The present invention is designed to coat an aluminum strip surface with a thin polymeric film. (The polymeric film may also be called a extrudate, resin, or extrusion coating.) The aluminum strip can be produced in a variety of different ways. For example, the strip may be produced according to the methods shown in any of the following United States patents, which are all incorporated by reference in their entireties: U.S. Pat. No. 5,470,405; 5,514,228; 5,515,908; 5,564,491; 5,496,423; and 5,356,495. These patents describe a process for producing an aluminum strip that is about 12 inches wide and is suitable for beverage can manufacture. The aluminum strip is typically coiled and stored in an uncoated state. However, the present invention contemplates obtaining strip from a stored coil or as an in-line process. Equipment for coiling is known in the art and it includes the following types: coil leveling lines, coil annealing lines, coil shearing lines, and coil lithostrip lines. Furthermore, standard coilers operate at speeds from 200 feet per minute to 4000 feet per minute. Additionally, the coilers can operate at temperatures of the aluminum strip between 200° F. and 600° F.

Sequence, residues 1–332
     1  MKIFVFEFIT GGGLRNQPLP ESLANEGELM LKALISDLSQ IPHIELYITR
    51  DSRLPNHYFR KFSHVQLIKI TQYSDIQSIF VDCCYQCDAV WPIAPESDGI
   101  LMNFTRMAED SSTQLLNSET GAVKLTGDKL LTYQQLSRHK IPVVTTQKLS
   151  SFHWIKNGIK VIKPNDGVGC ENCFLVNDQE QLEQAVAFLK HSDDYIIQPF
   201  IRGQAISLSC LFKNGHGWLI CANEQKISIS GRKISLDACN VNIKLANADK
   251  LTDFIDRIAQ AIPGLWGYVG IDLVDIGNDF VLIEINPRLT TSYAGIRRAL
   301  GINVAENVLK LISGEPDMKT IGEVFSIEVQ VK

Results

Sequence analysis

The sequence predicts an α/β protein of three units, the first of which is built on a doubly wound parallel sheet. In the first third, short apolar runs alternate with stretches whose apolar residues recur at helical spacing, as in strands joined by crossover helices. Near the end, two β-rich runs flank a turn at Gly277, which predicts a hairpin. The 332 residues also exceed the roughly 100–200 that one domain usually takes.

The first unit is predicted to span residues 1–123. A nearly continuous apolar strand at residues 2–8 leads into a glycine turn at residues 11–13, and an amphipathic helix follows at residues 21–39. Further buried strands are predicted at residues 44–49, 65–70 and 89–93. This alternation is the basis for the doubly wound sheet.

At some point before the strip surface is coated with the resin, it is precleaned or pretreated to provide a better surface for the resin to adhere. Cleaning methods are known to those of skill in the art and include caustic or acid washes. Pretreatments may include chromium, zirconium, or titanium conversion coatings.
A preferred embodiment of the present device is illustrated in FIG. 1 and it consists of entry rollers 2 to position the aluminum strip 4, a preheat oven 6, a first extrusion coating head 8 for the bottom surface of the strip 4, rollers 10 to position the aluminum strip 4 relative to the first extrusion coating head 8, a second extrusion coating head 12 for the top surface of the aluminum strip 4, a pair of rollers 14 designed to position the aluminum strip 4 relative to the second extrusion coating head, a final cure heater 16 and a roller 18 to position the aluminum strip 4 as it exits the heater and before it enters an air quench 20, a roller 22 to position the aluminum strip 4 as it leaves the air quench and enters a lubricator, two-roll coater 24, and exit rollers 26 designed to position the aluminum strip 4 relative to the lubricator and the coiler.